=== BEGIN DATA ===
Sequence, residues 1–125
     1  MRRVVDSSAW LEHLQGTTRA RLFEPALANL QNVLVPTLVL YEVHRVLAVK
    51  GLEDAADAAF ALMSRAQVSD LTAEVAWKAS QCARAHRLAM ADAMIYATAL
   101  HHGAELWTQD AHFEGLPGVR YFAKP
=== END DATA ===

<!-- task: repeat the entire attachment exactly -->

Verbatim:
Sequence, residues 1–125
     1  MRRVVDSSAW LEHLQGTTRA RLFEPALANL QNVLVPTLVL YEVHRVLAVK
    51  GLEDAADAAF ALMSRAQVSD LTAEVAWKAS QCARAHRLAM ADAMIYATAL
   101  HHGAELWTQD AHFEGLPGVR YFAKP